physfs.h
changeset 644 1cb5533d369c
parent 625 60b5f566a258
child 646 86be93f03eb7
--- a/physfs.h	Thu Sep 23 06:38:51 2004 +0000
+++ b/physfs.h	Thu Sep 23 06:45:36 2004 +0000
@@ -1820,6 +1820,92 @@
 __EXPORT__ int PHYSFS_writeUBE64(PHYSFS_file *file, PHYSFS_uint64 val);
 
 
+/* Everything above this line is part of the PhysicsFS 1.0 API. */
+
+
+/**
+ * \typedef PHYSFS_memhandle
+ * \brief Used to represent memory blocks.
+ *
+ * (This is for limited, hardcore use. If you don't immediately see a need
+ *  for it, you can probably ignore this forever.)
+ *
+ * The allocator routines will pass these around. They are void pointers
+ *  because it's convenient for systems to have handles be the same size
+ *  as a pointer, but they shouldn't be assumed to point to valid memory
+ *  (or to memory at all). The allocator in use will convert from memhandles
+ *  to valid pointers to allocated memory.
+ *
+ * \sa PHYSFS_allocator
+ * \sa PHYSFS_setAllocator
+ */
+typedef void *PHYSFS_memhandle;
+
+
+/**
+ * \struct PHYSFS_allocator
+ * \brief PhysicsFS allocation function pointers.
+ *
+ * (This is for limited, hardcore use. If you don't immediately see a need
+ *  for it, you can probably ignore this forever.)
+ *
+ * You create one of these structures for use with PHYSFS_setAllocator.
+ *  It should be noted that, in order to accomodate platforms like PalmOS,
+ *  we don't just ask for a block of memory and get a pointer. We work on
+ *  a "handle" system, which requires PhysicsFS to "lock" before accessing,
+ *  and "unlock" when not using. This is also useful for systems that are
+ *  concerned about memory fragmentation; you can rearrange unlocked memory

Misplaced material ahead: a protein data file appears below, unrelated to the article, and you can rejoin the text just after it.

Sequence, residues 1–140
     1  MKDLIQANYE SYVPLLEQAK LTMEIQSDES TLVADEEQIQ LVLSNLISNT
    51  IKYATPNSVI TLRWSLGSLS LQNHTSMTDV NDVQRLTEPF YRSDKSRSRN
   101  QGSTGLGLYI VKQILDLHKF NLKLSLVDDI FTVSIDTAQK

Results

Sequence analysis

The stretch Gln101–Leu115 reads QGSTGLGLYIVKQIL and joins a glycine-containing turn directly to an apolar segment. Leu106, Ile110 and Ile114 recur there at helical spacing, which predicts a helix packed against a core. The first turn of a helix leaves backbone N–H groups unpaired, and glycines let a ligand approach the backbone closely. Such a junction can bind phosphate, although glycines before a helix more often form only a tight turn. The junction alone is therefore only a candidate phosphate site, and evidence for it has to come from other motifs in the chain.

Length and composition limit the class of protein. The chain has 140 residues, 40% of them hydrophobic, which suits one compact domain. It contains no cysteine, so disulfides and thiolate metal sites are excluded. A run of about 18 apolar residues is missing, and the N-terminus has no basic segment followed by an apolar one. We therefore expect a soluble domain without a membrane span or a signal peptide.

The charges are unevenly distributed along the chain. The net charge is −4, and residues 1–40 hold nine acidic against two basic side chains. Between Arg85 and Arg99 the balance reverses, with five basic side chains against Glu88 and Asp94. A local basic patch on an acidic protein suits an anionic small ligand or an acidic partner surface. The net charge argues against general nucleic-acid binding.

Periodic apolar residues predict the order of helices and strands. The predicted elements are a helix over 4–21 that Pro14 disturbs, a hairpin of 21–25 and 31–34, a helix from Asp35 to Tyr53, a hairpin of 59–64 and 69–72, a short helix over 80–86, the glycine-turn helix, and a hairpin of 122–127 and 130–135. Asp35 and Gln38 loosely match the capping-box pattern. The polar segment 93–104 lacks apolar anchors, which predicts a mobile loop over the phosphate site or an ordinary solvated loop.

+ *  blocks in your address space, since PhysicsFS will re-request the pointer
+ *  by relocking the block.
+ *
+ * Locked memory is assumed to be non-reentrant, and locking an already-locked
+ *  handle (and unlocking an unlocked handle) has undefined results. Use
+ *  mutexes if not sure.
+ *
+ * \sa PHYSFS_memhandle
+ * \sa PHYSFS_setAllocator
+ */
+typedef struct
+{
+    PHYSFS_memhandle (*malloc)(size_t);
+    PHYSFS_memhandle (*realloc)(PHYSFS_memhandle, size_t);
+    void (*free)(PHYSFS_memhandle);
+    void *(*lock)(PHYSFS_memhandle);
+    void *(*unlock)(PHYSFS_memhandle);
+} PHYSFS_allocator;
+
+
+/**
+ * \fn int PHYSFS_setAllocator(PHYSFS_allocator *allocator)
+ * \brief Hook your own allocation routines into PhysicsFS.
+ *
+ * (This is for limited, hardcore use. If you don't immediately see a need
+ *  for it, you can probably ignore this forever.)
+ *
+ * By default, PhysicsFS will use ANSI C malloc/realloc/calloc/free calls
+ *  to manage dynamic memory, but in some uncommon cases, the app might want
+ *  more control over the library's memory management. This lets you redirect
+ *  physfs to use your own allocation routines instead. You can only call this
+ *  function before PHYSFS_init(); if the library is initialized, it'll
+ *  reject your efforts to change the allocator mid-stream. You may call this
+ *  function after PHYSFS_deinit() if you are willing to shutdown the library
+ *  and restart it with a new allocator; this is a safe and supported
+ *  operation. The allocator remains intact between deinit/init calls.
+ *  If you want to return to the default allocator, pass a NULL in here.
+ *
+ * If you aren't immediately sure what to do with this function, you can
+ *  safely ignore it altogether.
+ *
+ *    \param allocator Structure containing your allocator's entry points.
+ *   \return zero on failure, non-zero on success. This call only fails
+ *           when used between PHYSFS_init() and PHYSFS_deinit() calls.
+ */
+__EXPORT__ int PHYSFS_setAllocator(PHYSFS_allocator *allocator);
+
+
+/* Everything above this line is part of the PhysicsFS 2.0 API. */
+
+
 #ifdef __cplusplus
 }
 #endif